Belfast Telegraph

Memories of heroes maligned by manky murals

By John Laverty

Hoylake came close at the weekend but, as Northern Ireland sporting moments go, the 75th minute of a football match at Windsor Park nine years ago takes some beating.

The shrewd pass from Steve Davis, the crucial touch from David Healy that took Ashley Cole out of the game, the 14,000 people holding their collective breath...

And then it came; the little man in the green No.9 shirt rifling a screamer past England goalkeeper Paul Robinson.

Many members of Northern Ireland's Green and White Army still get goosebumps when they bring it to mind.

For me, it remains the highlight of a lifetime of both watching and professionally covering sport.

I may have been all over the world, but I was one of the ecstatic gathering just up the road on September 7, 2005, and I love being reminded of that moment.

Driving past that terrific mural just off the Albertbridge Road in east Belfast always brought a pleasant memory jog – which was why I was so shocked to see how badly it had fallen into disrepair.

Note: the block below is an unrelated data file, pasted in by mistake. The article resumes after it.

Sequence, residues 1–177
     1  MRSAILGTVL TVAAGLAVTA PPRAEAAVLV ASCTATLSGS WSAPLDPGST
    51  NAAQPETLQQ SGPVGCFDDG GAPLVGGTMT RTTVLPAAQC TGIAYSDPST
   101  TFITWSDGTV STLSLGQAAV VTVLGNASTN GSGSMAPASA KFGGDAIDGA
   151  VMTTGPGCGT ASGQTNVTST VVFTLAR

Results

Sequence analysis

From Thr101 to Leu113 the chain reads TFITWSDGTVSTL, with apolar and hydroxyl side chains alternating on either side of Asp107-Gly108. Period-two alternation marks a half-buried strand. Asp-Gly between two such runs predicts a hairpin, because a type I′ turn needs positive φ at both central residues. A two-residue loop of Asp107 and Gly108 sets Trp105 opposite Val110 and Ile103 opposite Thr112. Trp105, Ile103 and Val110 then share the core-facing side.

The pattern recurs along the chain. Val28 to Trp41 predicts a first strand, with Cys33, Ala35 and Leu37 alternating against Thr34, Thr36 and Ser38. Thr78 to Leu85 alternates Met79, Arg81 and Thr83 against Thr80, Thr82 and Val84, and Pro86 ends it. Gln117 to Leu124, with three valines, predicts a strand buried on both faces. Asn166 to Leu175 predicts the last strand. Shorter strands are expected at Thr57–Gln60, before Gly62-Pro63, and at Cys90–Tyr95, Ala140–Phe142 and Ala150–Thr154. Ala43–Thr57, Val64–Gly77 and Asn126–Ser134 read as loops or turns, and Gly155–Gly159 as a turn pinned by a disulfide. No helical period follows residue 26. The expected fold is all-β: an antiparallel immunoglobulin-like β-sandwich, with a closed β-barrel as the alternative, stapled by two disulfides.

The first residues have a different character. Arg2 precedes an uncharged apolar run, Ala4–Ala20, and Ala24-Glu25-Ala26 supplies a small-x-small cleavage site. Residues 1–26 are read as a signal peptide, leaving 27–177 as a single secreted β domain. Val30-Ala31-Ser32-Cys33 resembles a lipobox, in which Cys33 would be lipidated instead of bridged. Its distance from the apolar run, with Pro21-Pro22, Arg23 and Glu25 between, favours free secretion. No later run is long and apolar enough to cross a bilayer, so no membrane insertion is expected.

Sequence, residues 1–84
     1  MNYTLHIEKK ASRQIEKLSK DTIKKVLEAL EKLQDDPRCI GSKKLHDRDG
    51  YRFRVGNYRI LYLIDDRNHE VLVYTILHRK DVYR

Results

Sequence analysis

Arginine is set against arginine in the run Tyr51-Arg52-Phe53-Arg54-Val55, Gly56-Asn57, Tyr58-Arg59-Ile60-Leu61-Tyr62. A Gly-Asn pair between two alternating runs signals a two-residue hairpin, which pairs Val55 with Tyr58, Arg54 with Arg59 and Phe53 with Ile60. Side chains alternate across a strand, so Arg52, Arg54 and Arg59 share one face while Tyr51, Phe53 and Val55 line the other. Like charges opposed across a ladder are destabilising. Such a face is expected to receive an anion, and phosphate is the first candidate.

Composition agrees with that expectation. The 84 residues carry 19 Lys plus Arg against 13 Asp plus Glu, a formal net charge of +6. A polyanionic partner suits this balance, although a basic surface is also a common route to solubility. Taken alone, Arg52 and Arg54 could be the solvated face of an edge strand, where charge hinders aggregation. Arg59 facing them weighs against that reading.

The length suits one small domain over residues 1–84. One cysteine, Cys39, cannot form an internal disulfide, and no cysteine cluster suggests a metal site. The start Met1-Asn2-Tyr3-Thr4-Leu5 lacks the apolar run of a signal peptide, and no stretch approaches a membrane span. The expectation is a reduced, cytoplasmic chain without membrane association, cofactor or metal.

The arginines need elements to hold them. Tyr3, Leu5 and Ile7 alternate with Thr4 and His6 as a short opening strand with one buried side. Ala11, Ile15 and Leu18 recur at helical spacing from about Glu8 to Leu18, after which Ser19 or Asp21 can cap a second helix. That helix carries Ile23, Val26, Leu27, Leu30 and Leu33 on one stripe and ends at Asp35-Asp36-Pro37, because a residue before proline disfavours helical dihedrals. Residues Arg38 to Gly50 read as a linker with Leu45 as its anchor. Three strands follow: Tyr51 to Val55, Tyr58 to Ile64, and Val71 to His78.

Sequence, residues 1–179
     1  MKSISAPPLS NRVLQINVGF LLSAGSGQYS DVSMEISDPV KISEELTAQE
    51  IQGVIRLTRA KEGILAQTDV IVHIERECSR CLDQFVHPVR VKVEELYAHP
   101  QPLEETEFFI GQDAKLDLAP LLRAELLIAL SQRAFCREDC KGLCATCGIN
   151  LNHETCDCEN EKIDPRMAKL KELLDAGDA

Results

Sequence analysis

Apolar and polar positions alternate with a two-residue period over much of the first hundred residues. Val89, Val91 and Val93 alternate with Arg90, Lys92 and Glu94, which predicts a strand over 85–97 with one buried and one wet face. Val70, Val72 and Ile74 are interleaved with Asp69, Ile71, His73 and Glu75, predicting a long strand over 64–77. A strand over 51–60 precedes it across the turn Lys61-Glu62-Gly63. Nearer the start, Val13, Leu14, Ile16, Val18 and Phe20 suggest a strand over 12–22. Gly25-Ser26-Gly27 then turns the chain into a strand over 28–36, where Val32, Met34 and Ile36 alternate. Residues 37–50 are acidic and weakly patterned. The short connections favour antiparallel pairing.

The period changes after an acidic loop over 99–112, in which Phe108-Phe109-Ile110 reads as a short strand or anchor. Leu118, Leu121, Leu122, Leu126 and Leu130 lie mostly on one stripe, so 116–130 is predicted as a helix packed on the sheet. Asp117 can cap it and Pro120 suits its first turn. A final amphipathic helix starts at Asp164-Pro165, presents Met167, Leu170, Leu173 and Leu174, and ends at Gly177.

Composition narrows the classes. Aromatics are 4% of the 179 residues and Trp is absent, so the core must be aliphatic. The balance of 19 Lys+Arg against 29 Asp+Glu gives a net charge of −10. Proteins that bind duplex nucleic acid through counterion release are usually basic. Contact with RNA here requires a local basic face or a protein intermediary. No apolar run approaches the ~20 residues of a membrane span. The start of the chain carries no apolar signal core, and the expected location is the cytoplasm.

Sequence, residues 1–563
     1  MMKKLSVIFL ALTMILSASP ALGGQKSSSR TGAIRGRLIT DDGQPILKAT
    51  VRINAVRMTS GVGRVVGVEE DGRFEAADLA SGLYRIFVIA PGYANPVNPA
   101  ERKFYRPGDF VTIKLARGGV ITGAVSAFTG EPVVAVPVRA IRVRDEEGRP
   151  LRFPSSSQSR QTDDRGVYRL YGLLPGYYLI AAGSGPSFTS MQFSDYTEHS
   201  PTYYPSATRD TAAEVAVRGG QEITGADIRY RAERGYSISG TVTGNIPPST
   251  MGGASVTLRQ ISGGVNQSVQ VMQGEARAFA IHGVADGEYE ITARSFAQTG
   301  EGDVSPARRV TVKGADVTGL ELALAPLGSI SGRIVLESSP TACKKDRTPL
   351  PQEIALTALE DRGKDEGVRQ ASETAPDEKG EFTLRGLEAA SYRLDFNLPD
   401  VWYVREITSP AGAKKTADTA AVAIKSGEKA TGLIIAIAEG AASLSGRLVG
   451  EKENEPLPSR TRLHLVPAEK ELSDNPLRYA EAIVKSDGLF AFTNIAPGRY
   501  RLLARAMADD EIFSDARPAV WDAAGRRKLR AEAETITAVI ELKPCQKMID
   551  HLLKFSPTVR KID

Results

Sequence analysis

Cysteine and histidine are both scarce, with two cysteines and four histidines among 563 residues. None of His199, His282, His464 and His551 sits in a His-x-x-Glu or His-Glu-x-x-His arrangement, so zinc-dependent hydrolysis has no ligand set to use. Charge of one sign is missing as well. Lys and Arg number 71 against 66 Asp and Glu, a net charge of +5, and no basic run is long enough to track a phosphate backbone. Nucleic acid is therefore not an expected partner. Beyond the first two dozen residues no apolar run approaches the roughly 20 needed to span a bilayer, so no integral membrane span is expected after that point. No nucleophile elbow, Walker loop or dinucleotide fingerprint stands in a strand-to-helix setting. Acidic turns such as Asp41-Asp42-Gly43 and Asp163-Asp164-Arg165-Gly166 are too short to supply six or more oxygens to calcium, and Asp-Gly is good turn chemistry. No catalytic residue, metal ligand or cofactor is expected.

We're so proud of Healy and his Norn Iron team-mates – so when did we lose pride in the depiction of what they did that night?

You could say the same about the Higgy 'muriel' (as the local vernacular would have it) near the snooker maestro's birthplace, and the Windsor Park 'wall of shame' you see on this page.

I salute the initiative and resourcefulness of the people who put (and I'm borrowing some words from the Healy mural here) pride, passion and belief into these works of art.

That's what they are – and that's what our civic fathers should regard them as.

Put that City Hall beach on hold, Lord Mayor, and see the writing on the wall.

We're well aware of the controversy and consternation certain murals have caused down the years.

Here, however, the only dismay is in the dilapidation.

Our memories of Northern Ireland's many sporting successes may never fade but, as we've seen here, gloss paint eventually flakes and peels off.

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